Youth who commit offences in Canada are dealt with under the Youth Criminal Justice YCJA (YCJA) passed in 2003 and the Criminal Code of Canada. The information that follows provides some insight into youth crime, based on statistics in Canada.
Youth Crime is Decreasing in Canada
Between 1991 and 2006 British Columbia’s youth crime rate declined by 49%, Alberta 41%, Ontario 34% and Quebec 25%. In 2006, around 180,000 youth were implicated in some violation of the Criminal Code (excluding traffic offences). Therefore, 6,885 youth were accused for every 100,000 young people in this age group.
What Kinds of Crimes do Youth Commit?
- In 2006, violent crimes made up a large share of youth crime, estimating around 39,472 youth. Weapons were present in 20% of violent crimes.
- In the 10 years between 1997 and 2006, the overall violent crime rate in Canada declined 4%. However, the violent crime rate among youth has risen 12% in the last 10 years and has climbed 30% since 1991.
- By 2006, youth accused of violent offences accounted for nearly a quarter of youth crime; up from one in five 10 years earlier. Increase in youth assaults.
- Youth accused of assault represented nearly 80% of those apprehended for a violent crime in 2006.
- Violent crime rates among youth including homicides, and crime rates for "other" Criminal Code offences such as mischief and disturbing the peace, were up in 2006.
- In 2006, both the number and rate of youth aged 12 to 17 years accused of homicide reached their highest point, rising 41% since 1997.
- The homicide rate is only 0.05%. 44% of those homicides involved a knife and 17% involved a firearm. Overall, 84% young people (72 boys and 12 girls), were implicated in 54 homicides in 2006.
- Property crimes are at their lowest rate compared to the last 10 years. These types of offences accounted for about 4 in 10 youth accused of crimes in Canada in 2006. This turned out to be 75,461youth involved in property crime.
- Between 1991 and 2006, drug related crime committed by young poeple doubled, with close to 18,000 youth accused.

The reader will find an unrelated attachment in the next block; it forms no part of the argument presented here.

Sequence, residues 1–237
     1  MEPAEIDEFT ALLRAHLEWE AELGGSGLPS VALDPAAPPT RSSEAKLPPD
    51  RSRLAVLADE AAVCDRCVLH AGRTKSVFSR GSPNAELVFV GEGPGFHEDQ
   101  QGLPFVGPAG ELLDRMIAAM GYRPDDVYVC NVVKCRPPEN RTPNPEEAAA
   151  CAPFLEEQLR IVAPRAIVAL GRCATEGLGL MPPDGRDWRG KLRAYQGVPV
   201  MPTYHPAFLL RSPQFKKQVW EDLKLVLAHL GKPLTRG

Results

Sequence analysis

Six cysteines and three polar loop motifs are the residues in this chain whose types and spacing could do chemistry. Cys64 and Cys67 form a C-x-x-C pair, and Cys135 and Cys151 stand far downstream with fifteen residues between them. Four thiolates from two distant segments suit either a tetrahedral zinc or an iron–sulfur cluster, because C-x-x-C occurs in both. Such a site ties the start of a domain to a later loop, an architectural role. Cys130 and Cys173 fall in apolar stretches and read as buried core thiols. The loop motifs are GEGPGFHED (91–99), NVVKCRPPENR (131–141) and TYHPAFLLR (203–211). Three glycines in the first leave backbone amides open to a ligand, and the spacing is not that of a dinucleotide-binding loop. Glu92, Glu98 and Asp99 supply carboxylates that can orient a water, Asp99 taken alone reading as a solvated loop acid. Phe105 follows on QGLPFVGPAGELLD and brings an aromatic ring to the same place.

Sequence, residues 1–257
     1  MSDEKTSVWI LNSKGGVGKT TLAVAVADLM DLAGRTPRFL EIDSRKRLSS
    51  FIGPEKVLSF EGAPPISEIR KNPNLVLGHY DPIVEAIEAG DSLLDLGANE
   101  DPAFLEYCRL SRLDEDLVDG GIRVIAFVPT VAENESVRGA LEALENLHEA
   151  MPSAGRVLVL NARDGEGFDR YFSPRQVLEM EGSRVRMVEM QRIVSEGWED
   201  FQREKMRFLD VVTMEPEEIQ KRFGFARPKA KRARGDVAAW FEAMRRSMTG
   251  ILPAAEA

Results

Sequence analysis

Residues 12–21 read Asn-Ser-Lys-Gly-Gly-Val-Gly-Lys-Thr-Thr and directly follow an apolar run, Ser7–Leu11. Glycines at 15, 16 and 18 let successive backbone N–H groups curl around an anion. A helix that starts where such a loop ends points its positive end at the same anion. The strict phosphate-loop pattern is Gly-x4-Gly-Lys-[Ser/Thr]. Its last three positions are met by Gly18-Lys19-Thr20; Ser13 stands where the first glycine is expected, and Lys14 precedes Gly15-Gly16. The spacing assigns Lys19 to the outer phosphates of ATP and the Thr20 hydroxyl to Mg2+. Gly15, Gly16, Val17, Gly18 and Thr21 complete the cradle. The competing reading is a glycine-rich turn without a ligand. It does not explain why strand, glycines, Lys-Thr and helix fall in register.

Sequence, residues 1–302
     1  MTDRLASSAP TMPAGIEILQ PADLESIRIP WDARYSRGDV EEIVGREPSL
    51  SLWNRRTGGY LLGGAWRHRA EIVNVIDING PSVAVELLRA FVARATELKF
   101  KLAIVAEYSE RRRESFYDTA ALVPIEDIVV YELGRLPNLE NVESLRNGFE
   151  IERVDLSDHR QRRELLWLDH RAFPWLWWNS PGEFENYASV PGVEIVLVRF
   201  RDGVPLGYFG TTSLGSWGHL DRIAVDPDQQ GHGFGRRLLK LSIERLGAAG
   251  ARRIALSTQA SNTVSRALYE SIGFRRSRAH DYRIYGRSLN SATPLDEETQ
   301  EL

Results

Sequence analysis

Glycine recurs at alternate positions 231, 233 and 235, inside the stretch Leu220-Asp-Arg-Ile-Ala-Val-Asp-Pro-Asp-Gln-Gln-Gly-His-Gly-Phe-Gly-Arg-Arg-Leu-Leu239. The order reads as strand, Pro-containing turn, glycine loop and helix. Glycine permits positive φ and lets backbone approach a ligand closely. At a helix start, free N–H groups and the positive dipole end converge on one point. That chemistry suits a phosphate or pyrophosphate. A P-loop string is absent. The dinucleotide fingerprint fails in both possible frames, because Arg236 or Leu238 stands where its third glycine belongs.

- In 2006, 1 in 10 youth crimes were committed on school property
- Crimes at school include bullying and violence
- Assaults are particularly common representing about 30% of all violations committed by youth on school property. Uttering threats constituted another 8%
- Nearly 20% of crimes committed at school were drug offences, whereas 5% of youth crimes committed elsewhere were drug-related. Youth drug offences taking place on school grounds usually involved the possession (78%) or trafficking of cannabis (10%)
Where and When do Youth Commit Crimes?
- In 2008, police reported nearly one-third (32%) of young people aged 12-17 committed crime in private residences, such as homes and surrounding properties
- 13% of those offences occurred on school property and 23% occurred in stores, office buildings and outdoor public spaces
- Crime was relatively spread out evenly between spring, summer and fall but occurred least during the winter months. Youth crime was distributed evenly across the week (except for Sundays) and peaked on Fridays
- Crime rose through the early morning and peaked late afternoon between the end of school days and suppertime (3 pm and 6 pm). Crimes gradually decreased in the evenings
- Early afternoons, between noon and 3pm, showed the highest frequency of drug related offences for youth
- Youth committed the most traffic violations, from 9pm to midnight
At What Age do Youth Commit Crime?
In 2009/2010, the age break down was as follows:
- 32% of crimes were committed by those 17 years of age
- 26% of crimes were committed by those 16 years of age
- 20% of crimes were committed by those 15 years of age
- 12% of crimes were committed by those 14 years of age
- 6% of crimes were committed by those 13 years of age
- 2% of crimes were committed by those 12 years of age
Over one half of youth crime is committed by youth who are 16 or 17 years of age. The other half involves youth under the age of 16.
Which Youth Gender is More Likely to Commit Violent Crimes?
- Young men are still more than twice as likely to be involved in violent crime than are young women.
- In 2009/2010, 71% of males committed crimes compared to only 22% of females. 7% of crimes were committed where sex is unknown.
- Females account for 1 out of every 5 youth accused of committing a violation against the Criminal Code.
- When females did offend, they tended to commit crimes of theft, common assault, bail violations and fraud (2005).
Youth Crime by the Numbers
Although youth crime has decreased generally, violent crime and drug related crime has increased. These figures indicate that the law dealing with youth crime needs to look at different options for different age groups and categories of offences. This is what the Youth Criminal Justice Act does.
 Statistics Canada 2006, 2008 and 2011